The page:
Her gate is guarded by a boy about five years old, barefoot in shorts and T–shirt. He squints at us. Our guide asks in Bengali if Mother Teresa is in. The boy rubs his nose and waves us through the gate at 54A Lower Circular Road, Calcutta, India.
I had written to Mother Teresa in November 1979, requesting a January 1980 interview. I hadn’t received an answer. That wasn’t surprising. Mail between California and India took weeks, and my request was audacious. I’d asked Mother Teresa for a personal visit.
Then yesterday on the phone, my husband, Burt, at home in California, said the answer had arrived. It was dated Dec. 24. Mother Teresa had taken time on Christmas Eve to write a letter of welcome!
An unspeakable privilege. But I hadn’t yet made an appointment or mentally prepared, so I choked this morning when K.L. Gupta, our ebullient guide, twisted around from the front seat of the World Vision van to the back, where the kids and I sat, and said, “Sister Ruth, would you like to see Mother Teresa? … Now?”
We walk down a concrete alley to the Motherhouse of the Missionaries of Charity, a compound of church buildings. Soon we’re wading among dozens of children who clamor to have their pictures taken. We take their pictures.
A nun asks quietly if she can help. She hands us over to a shy, tall man who leads us to an unmarked door. We climb a short flight of stairs. The man asks us to remove our shoes and wait inside the door ahead.
I feel like Alice in Wonderland — people appearing, disappearing. “Do this, go there.” Inside the door, we step onto a balcony over a bricked yard where young novices are washing linens, their white habits and blue aprons bouncing. They laugh like teenagers anywhere.
We hear chanting. In a bright room down the hall, about 20 nuns kneel in precision rows before an altar, holding prayer books. The sun pours in and floods the place with a tremulous hush.
Someone says, “Here she is.” We turn to see. Already among us is a small, barefoot, familiar-looking woman. Her face crumples in a smile; she says hello. Excusing herself, she disappears into a low curtained doorway.
When she emerges, she goes to my children. She lingers with each one, giving total, warm attention, holding his or her hand, apparently memorizing faces. She indicates the stone bench. She and I sit. Simplicity is all around us. Burly wool blankets on the rail. Gray cardigan and white sari on Mother Teresa. Her face itself is simplicity — full of sorrow and joy, comfortable with aging, unguarded.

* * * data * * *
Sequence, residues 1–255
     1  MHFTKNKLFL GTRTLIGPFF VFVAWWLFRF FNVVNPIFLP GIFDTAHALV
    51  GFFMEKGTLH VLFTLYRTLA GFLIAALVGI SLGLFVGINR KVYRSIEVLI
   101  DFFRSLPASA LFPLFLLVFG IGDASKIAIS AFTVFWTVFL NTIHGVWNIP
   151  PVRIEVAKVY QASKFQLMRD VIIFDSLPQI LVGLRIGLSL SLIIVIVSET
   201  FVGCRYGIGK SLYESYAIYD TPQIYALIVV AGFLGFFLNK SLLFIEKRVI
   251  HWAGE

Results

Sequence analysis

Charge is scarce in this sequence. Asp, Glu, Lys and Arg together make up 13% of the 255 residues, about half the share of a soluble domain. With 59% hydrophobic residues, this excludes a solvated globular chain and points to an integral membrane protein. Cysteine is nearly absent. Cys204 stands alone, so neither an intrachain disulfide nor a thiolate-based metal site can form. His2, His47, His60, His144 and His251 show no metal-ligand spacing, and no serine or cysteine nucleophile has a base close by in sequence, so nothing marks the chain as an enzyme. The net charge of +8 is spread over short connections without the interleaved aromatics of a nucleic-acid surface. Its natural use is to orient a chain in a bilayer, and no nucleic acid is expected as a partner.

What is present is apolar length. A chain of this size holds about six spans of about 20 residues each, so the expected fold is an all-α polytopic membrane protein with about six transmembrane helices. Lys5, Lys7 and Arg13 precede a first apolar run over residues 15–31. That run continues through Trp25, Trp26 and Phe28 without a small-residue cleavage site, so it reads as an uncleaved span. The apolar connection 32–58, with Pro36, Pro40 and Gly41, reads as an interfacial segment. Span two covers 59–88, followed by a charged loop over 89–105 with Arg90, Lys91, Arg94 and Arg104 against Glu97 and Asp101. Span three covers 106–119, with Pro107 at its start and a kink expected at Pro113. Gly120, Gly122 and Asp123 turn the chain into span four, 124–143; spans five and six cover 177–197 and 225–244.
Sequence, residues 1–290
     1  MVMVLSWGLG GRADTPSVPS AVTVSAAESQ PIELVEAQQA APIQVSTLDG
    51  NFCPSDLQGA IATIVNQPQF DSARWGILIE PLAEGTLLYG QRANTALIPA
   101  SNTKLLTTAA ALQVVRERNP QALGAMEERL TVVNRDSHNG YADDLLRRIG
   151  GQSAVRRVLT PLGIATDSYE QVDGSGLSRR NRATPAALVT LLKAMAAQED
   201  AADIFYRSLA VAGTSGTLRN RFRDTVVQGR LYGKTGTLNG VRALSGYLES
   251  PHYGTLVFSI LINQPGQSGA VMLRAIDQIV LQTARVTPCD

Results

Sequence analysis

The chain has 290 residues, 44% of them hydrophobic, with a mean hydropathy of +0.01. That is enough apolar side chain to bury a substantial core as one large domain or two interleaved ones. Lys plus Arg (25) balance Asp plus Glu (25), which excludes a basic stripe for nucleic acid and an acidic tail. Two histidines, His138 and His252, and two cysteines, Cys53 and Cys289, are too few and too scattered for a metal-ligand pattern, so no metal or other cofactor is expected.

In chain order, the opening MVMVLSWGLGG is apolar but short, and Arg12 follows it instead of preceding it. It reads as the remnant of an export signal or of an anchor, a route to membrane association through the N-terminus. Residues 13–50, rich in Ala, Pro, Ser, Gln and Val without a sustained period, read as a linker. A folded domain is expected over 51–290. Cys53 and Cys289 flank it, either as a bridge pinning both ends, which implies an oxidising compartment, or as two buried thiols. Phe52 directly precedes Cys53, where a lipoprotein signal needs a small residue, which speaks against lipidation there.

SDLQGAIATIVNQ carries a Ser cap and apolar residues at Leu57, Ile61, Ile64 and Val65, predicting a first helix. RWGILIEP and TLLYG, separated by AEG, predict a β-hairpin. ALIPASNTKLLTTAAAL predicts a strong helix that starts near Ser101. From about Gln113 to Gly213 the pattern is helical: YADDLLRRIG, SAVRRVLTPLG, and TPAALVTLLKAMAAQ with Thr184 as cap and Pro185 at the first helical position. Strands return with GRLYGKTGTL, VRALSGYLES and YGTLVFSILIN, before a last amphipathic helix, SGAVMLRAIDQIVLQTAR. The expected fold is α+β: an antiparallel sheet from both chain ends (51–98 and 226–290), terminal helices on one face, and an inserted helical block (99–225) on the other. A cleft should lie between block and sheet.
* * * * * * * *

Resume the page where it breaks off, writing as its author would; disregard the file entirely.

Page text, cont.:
She is so ready to listen, I’m tempted to tell her my life story. Instead, I ramble. I tell about my “calling” to take the kids around the globe, stay in third-class hotels, tour aid projects, write reports for World Vision Magazine. “I’m typical of many Americans. We want to help people who suffer, but we feel helpless … the problems are so big … . ”
All this while, Mother Teresa has leaned toward me, lips pursed. Now she points a finger at me.
“Tell your American friends they don’t have to go around the world to find people who suffer. In America there are many needs. People are lonely! They feel alienated.”
Unexpectedly, I have tears. This gentle nun has touched a pain. On this trip, I’ve felt lonely, alienated. So have the kids. We miss Burt. We miss home. Hosts treat us with kindness, but fevers, rashes, parasites, unknown customs and foods have taken their toll.
I say, “I know. I’ve felt lonely on this trip.” Mother Teresa nods. “Yes, but only a little.”
She frowns. “Some people are so lonely they want to die! They need love, especially the old people. If we have Jesus’ love, we must share it.”
Now she smiles.
I’ve read that when she first walked among the dying, she had nothing to give but a smile, so she smiled, bending to each person. Her smile made old men weep.
Mother Teresa models love, there in her hall. She is fully present. She doesn’t “keep her engine running” as if more important people are waiting. She gives herself to us nobodies. I ask about her home for disabled children. We make plans for a site visit. She asks about our family, our work. I ask about the South Bronx Missionaries of Charity. She writes the address in my notebook.
I stand up to leave. As we thank her, Mother Teresa holds the kids’ hands again. I say my daughter, Lindsey, wants to work with children. Mother Teresa smiles and asks Lindsey, “Would you like to come here and be a Missionary of Charity?” She turns to the boys. “And you, too? You could wear clothes like mine!” Mother Teresa holds her skirts to the side as if to curtsy.
• • •
Nobody was a nobody to Mother Teresa. Everybody was Somebody. I’ve told this story to other friends, earlier, and now you too—you Somebody, you!—have Mother Teresa’s blessing on every smile you bestow.